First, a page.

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Conservation of energy of two thrown stones

  1. Nov 23, 2008 #1
    1. The problem statement, all variables and given/known data

    Two stones are thrown with the same initial speed at the same instant from the roof of a building. One stone is thrown at an angle of 30 degree above the horizontal; the other is thrown horizontally.(Neglect air resistance.), which of the following is true:

    (a)The stones strike the ground at the same time and with equal speeds.
    (b)The stones strike the ground at the same time with different speeds.
    (c)The stones strike the ground at different times with equal speeds.
    (d)The stones strike the ground at different times with different speeds.


    2. Relevant equations

    E=U+K

    3. The attempt at a solution

    So I guess the answer is c but I can't explain it. Can anyone help me ?
     
  2. jcsd
  3. Nov 23, 2008 #2
    The answer is C, by reasoning. I didn't do any math, and I haven't taken intro-physics yet, but my reasoning is this:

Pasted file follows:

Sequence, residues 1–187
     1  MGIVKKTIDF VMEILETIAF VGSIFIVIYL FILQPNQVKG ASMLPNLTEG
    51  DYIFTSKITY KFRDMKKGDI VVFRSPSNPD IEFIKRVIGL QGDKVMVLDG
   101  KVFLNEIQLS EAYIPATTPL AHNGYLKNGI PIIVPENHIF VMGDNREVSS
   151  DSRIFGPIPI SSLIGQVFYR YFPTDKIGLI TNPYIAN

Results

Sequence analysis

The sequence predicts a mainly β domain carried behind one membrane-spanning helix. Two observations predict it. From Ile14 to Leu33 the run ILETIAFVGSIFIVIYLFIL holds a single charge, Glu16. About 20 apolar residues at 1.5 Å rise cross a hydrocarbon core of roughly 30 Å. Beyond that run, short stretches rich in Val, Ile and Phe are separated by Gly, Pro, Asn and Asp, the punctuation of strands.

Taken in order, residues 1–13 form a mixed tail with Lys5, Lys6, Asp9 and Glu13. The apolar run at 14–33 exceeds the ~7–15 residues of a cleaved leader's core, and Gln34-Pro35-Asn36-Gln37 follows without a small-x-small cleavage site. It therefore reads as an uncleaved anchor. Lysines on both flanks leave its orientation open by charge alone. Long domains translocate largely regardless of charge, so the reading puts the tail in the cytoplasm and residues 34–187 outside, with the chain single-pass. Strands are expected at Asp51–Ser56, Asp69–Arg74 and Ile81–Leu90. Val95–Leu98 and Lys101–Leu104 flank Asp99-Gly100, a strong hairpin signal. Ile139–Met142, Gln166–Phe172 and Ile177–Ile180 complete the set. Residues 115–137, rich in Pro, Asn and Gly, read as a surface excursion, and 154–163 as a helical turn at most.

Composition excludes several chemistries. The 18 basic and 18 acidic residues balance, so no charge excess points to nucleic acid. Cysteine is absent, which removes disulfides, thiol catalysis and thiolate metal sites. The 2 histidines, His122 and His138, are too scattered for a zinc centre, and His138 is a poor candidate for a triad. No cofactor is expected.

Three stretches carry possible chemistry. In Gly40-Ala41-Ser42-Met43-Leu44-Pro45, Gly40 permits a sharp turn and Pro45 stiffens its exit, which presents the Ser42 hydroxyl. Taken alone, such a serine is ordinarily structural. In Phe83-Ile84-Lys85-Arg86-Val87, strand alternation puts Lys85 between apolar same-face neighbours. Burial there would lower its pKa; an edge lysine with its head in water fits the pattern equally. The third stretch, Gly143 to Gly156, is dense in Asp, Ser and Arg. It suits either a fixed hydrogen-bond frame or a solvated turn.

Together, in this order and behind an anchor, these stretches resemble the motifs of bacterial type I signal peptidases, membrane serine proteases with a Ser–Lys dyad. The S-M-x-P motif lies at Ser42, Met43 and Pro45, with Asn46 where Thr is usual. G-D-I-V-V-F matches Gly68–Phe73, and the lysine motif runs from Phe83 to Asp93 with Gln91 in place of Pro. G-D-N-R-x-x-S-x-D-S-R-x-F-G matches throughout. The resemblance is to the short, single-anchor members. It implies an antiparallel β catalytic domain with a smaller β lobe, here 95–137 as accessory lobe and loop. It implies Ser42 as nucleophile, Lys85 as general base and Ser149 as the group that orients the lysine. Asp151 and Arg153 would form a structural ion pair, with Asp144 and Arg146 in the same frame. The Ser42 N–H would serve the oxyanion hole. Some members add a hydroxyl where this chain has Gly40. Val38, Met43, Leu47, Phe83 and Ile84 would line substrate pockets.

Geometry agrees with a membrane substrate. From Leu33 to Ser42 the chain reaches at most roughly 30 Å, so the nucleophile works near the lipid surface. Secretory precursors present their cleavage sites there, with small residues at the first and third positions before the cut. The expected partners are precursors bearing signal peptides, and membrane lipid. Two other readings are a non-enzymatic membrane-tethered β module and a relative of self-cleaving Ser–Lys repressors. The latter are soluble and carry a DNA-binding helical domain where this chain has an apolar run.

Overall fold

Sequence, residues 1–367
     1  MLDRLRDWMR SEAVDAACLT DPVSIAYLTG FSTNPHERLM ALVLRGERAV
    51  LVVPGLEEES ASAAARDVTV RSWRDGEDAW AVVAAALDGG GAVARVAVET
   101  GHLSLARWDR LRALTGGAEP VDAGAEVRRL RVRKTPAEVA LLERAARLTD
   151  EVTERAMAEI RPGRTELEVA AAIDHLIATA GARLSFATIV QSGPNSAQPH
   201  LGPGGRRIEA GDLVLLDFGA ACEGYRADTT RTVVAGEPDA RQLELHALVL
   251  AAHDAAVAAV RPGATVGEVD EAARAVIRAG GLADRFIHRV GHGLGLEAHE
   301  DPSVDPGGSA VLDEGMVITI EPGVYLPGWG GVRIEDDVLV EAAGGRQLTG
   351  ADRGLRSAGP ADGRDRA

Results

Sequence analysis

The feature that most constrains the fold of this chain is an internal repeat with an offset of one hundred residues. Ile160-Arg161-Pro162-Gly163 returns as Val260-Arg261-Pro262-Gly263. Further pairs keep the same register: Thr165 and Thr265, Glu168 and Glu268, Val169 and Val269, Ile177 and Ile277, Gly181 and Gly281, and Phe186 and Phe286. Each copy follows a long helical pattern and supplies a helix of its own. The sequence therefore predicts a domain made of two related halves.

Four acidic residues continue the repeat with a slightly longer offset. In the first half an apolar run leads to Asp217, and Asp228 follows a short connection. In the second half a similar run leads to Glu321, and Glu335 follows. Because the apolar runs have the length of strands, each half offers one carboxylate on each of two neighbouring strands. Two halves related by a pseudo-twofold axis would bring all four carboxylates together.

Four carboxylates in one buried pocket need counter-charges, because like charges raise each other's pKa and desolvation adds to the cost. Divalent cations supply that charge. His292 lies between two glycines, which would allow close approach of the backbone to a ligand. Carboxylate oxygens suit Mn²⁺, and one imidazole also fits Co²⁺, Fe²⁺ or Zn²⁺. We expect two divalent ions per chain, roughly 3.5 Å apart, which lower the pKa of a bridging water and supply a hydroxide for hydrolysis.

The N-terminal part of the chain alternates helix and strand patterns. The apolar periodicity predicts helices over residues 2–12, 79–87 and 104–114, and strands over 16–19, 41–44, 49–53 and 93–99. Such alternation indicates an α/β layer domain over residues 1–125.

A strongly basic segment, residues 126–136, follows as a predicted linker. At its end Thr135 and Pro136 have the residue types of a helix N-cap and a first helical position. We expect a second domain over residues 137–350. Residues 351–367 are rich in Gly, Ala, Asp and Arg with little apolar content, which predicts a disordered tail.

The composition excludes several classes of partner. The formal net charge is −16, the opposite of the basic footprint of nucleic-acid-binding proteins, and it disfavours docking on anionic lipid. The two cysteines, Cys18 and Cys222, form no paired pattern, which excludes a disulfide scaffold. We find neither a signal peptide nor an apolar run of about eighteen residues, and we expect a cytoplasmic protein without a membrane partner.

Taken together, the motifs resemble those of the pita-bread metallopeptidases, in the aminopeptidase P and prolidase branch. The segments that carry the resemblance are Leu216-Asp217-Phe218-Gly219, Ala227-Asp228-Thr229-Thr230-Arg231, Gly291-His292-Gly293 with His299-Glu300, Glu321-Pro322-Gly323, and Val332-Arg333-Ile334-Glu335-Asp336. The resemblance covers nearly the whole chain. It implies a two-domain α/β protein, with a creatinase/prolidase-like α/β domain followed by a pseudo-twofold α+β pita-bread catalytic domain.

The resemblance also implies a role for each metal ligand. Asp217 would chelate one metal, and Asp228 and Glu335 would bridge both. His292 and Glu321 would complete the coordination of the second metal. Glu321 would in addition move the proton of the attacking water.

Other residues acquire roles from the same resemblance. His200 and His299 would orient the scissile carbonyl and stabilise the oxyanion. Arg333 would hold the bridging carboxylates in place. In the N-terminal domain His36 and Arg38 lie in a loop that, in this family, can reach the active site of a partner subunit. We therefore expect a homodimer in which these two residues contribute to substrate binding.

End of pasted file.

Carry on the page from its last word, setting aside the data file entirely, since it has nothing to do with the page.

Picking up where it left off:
The speed will stay constant, unless altered by another force, which neglecting air resitance, speed is constant.

    So when the rock hits the ground, it will be a the same speed as the other rock. So now it can only be A, or C

    However, the rocks have a longer arc-distance to travel, and since one rock won't speed up, the rock that is travelling 30 degrees will hit the ground first, followed by the second rock that was thrown horizantal.

    So, we know that the rocks can't hit the ground at the same time, if they are traveling at the same speed,

    C.

    Hayley
     
  4. Nov 24, 2008 #3
    Energy is conserved since we are ignoring friction.They also start off with the same amount of kinetic and potential energy. Since they both come to rest at ground level then their potential energies are equal at the end. Their kinetic energies at the end are equal so their velocities are equal (since masses didn't change or anything like that).

    Energy conservation is a clean way to look at this, but I don't know if you are familiar with this yet though so let me know if what I said was just confusing.
     
  5. Nov 24, 2008 #4
    I get it. How about the part of different time ?
     
  6. Nov 24, 2008 #5
    one stone starts off going against gravity (has some velocity going up), it takes some time for the gravitational force to overcome this upward momentum and make the rock start to fall, while the other rock can doesn't have an upward velocity and can start falling vertically right away.

    Beyond this explanation we'd have to use calculus and some equations, which I believe were invented because it gets way to hard and ambiguous to describe the stuff in English.
     
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